Introduction to Statistical Inference

Part of the Springer Texts in Statistics book series (STS)


A typical problem in probability theory is of the following form: A sample space and underlying probability function are specified, and we are asked to compute the probability of a given chance event. For example, if X1, …, X n are independent Bernoulli random variables with P{X i = 1} = 1 − P{X i = 0} = p, we compute that the probability of the chance event \(\left\{ {\sum\limits_{i = 1}^n {{X_i} = r} } \right\}\), where r is an integer with \(0 \le r \le n\), is \(\left( {\begin{array}{*{20}{c}}n\\r\end{array}} \right){p^r}{\left( {1 - p} \right)^{n - r}}\). In a typical problem of statistics it is not a single underlying probability law which is specified, but rather a class of laws, any of which may possibly be the one which actually governs the chance device or experiment whose outcome we shall observe. We know that the underlying probability law is a member of this class, but we do not know which one it is. The object might then be to determine a “good” way of guessing, on the basis of the outcome of the experiment, which of the possible underlying probability laws is the one which actually governs the experiment whose outcome we are to observe.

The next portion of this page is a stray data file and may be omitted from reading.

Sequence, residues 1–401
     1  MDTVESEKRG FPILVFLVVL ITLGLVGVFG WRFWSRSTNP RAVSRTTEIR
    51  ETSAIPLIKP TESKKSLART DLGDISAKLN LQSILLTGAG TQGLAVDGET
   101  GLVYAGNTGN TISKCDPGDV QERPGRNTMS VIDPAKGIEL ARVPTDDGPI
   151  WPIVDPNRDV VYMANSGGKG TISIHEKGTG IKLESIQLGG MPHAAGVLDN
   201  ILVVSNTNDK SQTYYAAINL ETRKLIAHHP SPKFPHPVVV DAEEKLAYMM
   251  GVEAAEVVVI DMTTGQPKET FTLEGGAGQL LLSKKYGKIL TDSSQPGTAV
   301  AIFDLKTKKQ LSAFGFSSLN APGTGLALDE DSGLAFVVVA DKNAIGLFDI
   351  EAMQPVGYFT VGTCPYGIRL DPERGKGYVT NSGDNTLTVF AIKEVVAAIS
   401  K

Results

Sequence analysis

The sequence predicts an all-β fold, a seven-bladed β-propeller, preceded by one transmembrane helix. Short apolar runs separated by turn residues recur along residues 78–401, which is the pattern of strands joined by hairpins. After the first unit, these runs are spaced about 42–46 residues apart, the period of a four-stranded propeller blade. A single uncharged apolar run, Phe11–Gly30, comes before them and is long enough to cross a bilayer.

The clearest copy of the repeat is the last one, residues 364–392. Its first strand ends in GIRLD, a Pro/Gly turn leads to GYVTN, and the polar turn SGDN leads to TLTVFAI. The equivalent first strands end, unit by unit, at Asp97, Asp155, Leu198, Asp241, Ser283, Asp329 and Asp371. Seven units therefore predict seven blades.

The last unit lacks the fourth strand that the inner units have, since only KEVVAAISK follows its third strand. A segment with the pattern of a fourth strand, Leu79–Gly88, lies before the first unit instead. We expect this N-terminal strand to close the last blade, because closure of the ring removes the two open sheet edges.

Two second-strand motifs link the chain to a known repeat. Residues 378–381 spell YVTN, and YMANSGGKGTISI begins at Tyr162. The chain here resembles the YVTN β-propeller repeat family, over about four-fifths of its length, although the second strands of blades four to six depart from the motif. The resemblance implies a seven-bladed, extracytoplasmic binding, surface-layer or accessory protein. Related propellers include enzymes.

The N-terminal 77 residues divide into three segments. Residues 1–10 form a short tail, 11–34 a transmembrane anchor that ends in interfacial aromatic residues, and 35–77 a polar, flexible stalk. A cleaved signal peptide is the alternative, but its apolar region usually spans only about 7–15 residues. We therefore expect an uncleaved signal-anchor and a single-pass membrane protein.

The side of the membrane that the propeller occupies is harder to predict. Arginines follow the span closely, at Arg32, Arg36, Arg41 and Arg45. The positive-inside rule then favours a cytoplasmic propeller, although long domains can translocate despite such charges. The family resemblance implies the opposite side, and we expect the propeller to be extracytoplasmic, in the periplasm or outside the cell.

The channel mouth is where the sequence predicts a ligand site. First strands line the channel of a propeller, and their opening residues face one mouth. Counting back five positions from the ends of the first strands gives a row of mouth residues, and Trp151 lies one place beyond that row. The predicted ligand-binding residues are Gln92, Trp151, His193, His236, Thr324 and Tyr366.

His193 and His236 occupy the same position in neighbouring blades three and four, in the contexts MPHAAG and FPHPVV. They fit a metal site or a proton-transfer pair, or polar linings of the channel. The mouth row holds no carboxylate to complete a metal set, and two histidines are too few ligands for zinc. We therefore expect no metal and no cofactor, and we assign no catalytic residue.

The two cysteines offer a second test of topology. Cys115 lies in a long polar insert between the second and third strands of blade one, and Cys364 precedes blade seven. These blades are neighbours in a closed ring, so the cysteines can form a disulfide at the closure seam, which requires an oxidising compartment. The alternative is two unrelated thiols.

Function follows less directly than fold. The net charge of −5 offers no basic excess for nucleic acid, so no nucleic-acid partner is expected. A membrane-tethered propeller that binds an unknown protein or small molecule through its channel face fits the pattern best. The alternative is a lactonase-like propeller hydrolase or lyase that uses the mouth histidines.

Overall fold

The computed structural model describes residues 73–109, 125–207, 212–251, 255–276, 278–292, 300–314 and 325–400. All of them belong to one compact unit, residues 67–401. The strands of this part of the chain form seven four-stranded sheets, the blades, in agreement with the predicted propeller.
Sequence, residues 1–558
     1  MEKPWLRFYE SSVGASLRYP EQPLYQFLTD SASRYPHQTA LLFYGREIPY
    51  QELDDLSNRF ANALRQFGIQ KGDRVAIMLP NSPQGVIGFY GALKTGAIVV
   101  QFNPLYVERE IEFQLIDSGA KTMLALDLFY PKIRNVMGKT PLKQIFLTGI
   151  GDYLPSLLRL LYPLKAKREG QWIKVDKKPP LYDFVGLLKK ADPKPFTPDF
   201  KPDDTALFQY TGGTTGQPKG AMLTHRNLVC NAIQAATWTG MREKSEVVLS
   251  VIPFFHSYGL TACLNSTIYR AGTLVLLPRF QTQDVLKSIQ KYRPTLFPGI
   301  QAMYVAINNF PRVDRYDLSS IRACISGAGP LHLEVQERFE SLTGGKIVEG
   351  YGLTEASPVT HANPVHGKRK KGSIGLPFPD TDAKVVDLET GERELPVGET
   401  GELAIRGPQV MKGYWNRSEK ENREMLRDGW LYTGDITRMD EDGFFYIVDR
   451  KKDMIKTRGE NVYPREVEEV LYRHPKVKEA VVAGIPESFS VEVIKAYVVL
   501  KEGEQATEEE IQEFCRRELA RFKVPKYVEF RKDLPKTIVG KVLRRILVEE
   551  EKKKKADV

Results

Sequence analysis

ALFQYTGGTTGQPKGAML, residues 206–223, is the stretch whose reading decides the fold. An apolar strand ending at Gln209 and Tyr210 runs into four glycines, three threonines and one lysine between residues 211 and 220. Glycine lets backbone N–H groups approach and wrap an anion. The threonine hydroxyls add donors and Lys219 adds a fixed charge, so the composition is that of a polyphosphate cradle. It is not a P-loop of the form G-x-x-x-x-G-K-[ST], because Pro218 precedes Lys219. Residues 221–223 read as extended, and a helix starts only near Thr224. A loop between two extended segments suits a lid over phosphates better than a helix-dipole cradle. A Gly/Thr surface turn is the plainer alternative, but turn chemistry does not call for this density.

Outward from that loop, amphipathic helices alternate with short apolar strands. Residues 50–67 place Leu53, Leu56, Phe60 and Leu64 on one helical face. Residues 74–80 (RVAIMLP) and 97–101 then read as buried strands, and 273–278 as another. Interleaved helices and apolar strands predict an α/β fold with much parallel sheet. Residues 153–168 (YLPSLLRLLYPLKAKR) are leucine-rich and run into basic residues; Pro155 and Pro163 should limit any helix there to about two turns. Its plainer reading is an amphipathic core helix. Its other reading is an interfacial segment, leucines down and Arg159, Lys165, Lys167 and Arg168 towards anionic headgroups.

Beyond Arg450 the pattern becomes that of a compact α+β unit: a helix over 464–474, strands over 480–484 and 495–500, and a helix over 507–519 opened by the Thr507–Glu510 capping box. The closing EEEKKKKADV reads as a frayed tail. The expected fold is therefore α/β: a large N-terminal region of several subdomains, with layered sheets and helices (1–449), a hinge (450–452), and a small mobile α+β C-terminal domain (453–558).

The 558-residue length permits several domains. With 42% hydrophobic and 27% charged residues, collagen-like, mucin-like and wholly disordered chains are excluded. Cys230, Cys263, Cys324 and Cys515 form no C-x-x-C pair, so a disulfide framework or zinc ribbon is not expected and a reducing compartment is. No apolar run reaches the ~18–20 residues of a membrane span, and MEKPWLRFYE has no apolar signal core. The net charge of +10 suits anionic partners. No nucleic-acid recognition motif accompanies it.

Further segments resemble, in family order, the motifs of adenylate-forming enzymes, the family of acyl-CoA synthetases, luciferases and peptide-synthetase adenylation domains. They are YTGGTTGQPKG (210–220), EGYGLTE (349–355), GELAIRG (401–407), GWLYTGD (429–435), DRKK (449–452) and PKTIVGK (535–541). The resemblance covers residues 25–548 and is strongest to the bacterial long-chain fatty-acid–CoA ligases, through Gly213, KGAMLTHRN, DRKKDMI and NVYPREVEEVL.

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© Springer-Verlag New York Inc. 1987

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